We were led to expect concessions as a result of the ITT market review consultation. So it’s no surprise the timescale for the reaccreditation of all ITT providers has been slowed and the requirements for school-based mentoring cut back. But the principles underpinning these radical changes remain based on flimsy evidence.
Supporters assert the reforms are founded on American research into ‘practice-based teacher education’ (PB-TE). Putting aside that ITT practices are profoundly different in each country, neither the market review nor the core content framework (CCF) it seeks to enshrine refer directly to the PB-TE evidence base at all. There is just one indirect, five-year-old reference to a pamphlet from a US organisation. Moreover, the overwhelming majority of PB-TE research is not experimental, as these supporters claim, but mostly case study-based. Hardly ‘gold-standard’ by their own benchmark.
Likewise, the CCF itself remains highly problematic, based on amateurish misappropriations of cognitive psychological research, some of which is long past its ‘best-before’ date. Supporters argue that the Education Endowment Foundation (EEF) has endorsed the CCF as if this is some alchemical device for turning lead into gold. But the EEF has also concluded that the usefulness of “cog sci” theories in the classroom is “limited”, with “uncertainties about the applicability of specific principles across subjects and age ranges”. So which EEF pronouncement are we to believe?
Supporters also assert that there is no evidence that current ITT provision in England is sufficiently good. However, if we are to accept that Ofsted inspections of schools produce some evidence of quality, we have to accept that Ofsted inspections of ITT establish the same. The alternative is to hold that Ofsted doesn’t produce evidence of quality. Sadly, there is something in that. After all, it was only during the preparation of the market review (while schools and universities were disrupted due to Covid) that Ofsted’s judgment of the ITT sector turned negative.
Which leads us to the conclusion that regardless of any appearance of the relaxation in the pace of these reforms, change is pointless unless the Ofsted problem is addressed. It is increasingly becoming a damaging distraction, reduced to a mechanism for government policy enforcement (as ministers promised it would during the 2019 election campaign), fatally undermined by the appointment of some HMI who previously wouldn’t have been shortlisted and the anointment of a chief inspector against the advice of the education select committee.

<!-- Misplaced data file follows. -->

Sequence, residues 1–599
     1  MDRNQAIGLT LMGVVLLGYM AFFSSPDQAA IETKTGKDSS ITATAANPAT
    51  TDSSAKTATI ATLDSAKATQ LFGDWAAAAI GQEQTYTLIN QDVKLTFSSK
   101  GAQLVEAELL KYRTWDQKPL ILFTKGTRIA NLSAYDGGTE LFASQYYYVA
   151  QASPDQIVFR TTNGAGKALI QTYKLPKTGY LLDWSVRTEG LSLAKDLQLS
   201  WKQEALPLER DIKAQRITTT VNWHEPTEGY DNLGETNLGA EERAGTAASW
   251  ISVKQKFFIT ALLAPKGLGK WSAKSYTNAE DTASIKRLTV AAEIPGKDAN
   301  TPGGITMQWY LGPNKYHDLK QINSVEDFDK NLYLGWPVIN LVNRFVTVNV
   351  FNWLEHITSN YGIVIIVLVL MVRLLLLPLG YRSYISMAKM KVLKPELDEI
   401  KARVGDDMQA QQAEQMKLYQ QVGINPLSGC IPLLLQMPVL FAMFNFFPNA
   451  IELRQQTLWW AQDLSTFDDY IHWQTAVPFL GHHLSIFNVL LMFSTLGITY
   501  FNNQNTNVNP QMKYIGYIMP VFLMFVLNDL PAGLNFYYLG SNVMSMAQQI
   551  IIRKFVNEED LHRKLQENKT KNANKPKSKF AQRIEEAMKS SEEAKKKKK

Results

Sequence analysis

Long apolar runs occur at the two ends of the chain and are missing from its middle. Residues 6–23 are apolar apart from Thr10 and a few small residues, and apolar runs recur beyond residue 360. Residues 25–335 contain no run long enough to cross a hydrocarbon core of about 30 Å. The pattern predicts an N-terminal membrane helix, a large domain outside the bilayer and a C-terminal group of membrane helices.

I was invited to be a member of Ofsted’s original ITE advisory group for the creation of the new inspection framework, where we were told ‘blue-sky thinking’ was encouraged. My optimism soon disappeared with the emergence of a framework under heavy political influence, resulting in my then colleague, Viv Ellis (who co-authored this article), resigning from the group because of Ofsted’s apparent lack of independence – to be replaced, ironically, with a Conservative parliamentary candidate and four perennial DfE ‘experts’ with little ITE credibility. Our fundamental impression was of an organisation under pressure to play politics, reject opposition and quite simply ‘go harder’ when criticised.
So despite these vaunted ‘relaxations’, schools and ITE providers – and with them the supply of quality teaching staff – remain at severe risk from two critical flaws at the heart of these reforms. First, the CCF is not fit for purpose, despite some promise that it will be reviewed. It will simply churn out teachers who can parrot its limited content, rather than the adaptable, innovative, research-informed workforce our schools need. And second, even more fundamentally, given the move to a 3-year inspection cycle, it is no longer possible to rely on Ofsted’s institutional integrity, accuracy or the independence of its judgments.
It may be too late to stop all of these reforms, but there can be little doubt they will continue to cause damage to the sector. The question now is how much we will lose of a sector that Ofsted rated so highly until so recently.
But there is something we can do to ensure education is no longer so politicised, that reforms are truly evidence-informed and independently monitored. And that is to drastically reform, or altogether abolish Ofsted.